A poor track record

It is hilarious to see John McCain, Lindsay Graham and President Obama trying to act all rough and tough on national security when it comes to the Edward Snowden situation. What a joke, and a very bad one at that!

Snowden is only exposing the fact that our beloved government has been spying on all of us for no good reason. He is not the criminal, the people running our government are the criminals.

Politicians like McCain and Obama want to give amnesty to millions of illegal immigrants. Many of these immigrants belong to violent drug gangs who have killed over 60,000 at the Mexican border. President Obama says the border area has never been safer — that sure makes me feel a lot better about our "national security." I think McCain and Obama have a poor track record when it comes to national security.

The Arab Spring was a big success in Egypt, wasn't it? Only 20 million people protested against the Muslim radical extremists we helped put into office there. What is the response by President Obama? He wants to give $300 million to a bunch of cutthroat Muslim rebels affiliated with al-Qaida in Syria. Good job Barry! — Joe Thomas, Brookings

FBI, go home

The FBI is spending our tax dollars knocking on doors in the Rogue Valley looking for information about an alleged "domestic terrorism" act: destroying sugar beets. It appears someone or a group of people trespassed onto property and destroyed some GMO crops before they could go to seed and spread genetically modified seeds in the valley.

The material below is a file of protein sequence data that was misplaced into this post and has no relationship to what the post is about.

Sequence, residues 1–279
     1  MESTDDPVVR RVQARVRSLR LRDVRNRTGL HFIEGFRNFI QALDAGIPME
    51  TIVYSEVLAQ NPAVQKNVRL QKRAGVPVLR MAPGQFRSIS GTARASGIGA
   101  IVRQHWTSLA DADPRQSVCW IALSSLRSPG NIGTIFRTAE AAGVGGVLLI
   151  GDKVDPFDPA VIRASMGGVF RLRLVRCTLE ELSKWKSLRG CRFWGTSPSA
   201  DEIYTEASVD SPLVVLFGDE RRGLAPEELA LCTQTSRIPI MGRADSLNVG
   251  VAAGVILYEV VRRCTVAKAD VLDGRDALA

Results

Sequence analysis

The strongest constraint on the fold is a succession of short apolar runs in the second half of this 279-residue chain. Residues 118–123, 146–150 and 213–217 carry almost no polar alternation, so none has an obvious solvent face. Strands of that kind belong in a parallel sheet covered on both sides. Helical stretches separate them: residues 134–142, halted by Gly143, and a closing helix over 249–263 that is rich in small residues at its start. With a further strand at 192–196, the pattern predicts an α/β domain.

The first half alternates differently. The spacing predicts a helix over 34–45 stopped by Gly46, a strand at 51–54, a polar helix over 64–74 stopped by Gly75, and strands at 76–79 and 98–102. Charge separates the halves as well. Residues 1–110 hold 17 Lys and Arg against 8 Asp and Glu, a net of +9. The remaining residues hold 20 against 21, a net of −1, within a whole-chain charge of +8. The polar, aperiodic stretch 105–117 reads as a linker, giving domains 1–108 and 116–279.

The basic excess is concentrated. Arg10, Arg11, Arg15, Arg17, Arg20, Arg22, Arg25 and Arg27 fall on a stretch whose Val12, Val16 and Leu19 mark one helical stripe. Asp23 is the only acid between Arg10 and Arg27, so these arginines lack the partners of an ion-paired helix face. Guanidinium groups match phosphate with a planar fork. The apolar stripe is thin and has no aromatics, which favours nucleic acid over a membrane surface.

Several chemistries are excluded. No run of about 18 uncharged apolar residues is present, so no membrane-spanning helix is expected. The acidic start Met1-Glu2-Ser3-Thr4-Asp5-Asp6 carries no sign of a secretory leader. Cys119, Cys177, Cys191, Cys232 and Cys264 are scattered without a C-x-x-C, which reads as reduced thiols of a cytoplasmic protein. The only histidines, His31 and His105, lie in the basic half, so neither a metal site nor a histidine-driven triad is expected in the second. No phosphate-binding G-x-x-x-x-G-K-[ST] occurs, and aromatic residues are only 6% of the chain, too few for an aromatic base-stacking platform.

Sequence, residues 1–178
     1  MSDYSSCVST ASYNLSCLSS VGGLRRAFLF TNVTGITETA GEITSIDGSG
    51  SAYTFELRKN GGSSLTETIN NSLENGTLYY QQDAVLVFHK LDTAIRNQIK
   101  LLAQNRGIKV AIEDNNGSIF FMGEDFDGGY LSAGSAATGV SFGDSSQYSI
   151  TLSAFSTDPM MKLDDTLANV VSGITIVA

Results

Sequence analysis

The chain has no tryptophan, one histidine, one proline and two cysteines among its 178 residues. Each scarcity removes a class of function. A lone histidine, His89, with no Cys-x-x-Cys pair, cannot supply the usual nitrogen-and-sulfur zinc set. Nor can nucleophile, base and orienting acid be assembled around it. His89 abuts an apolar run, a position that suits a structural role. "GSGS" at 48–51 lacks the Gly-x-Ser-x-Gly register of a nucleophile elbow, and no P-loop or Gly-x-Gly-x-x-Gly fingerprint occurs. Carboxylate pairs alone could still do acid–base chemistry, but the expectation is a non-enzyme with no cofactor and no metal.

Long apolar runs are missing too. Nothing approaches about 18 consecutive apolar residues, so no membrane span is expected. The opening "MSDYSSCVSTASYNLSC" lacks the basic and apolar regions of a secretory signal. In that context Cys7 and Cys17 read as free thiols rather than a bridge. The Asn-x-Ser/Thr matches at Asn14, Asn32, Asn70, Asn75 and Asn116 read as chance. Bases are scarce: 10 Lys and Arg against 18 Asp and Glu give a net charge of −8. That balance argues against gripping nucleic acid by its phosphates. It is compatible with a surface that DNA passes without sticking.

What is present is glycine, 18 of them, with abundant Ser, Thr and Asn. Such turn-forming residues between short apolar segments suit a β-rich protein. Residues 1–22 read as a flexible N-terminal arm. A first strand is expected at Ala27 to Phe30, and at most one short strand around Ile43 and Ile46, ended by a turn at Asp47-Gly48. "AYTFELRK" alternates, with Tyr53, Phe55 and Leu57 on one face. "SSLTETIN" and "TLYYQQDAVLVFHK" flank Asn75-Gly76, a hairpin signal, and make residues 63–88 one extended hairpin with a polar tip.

A crime? Perhaps, though "necessity" is a defense even to trespass or destruction of property if done to "avert a greater evil." But the real question we should be asking is why local law enforcement can't handle the matter and why, when people make political statements, there is a jump to label it "terrorism."

All who value the Constitution and the right to protest should be offended and telling the FBI to go after those who may be damaging our entire ecosystem and food chain and buying off politicians — chemical companies like Monsanto and Syngenta. — Eric Sirotkin, Ashland

Park service worried about Bybee

As a college student home for the summer, I am reminded of the incredible beauty of Southern Oregon's natural environment. My family and I especially love Crater Lake National Park. So, I was surprised and disappointed to hear that the Forest Service is planning the Bybee timber sale, a scale logging and road construction project right next to Crater Lake.

I decided to take a closer look at the project, and I found that the National Park Service has expressed some serious concerns to the Forest Service about the potential negative effects of the project, including additional road building, the spread of invasive weeds and increased fire severity. It seems to me that the management of our National Forest should support and protect a national park like Crater Lake, not threaten it.

There are better, more considerate ways to manage the forests next to Crater Lake National Park than the Bybee timber sale. We need to help preserve Crater Lake for all of the hikers, all of the visitors, and all of the Oregonians who appreciate its natural splendor. — Alex Vermie, Medford

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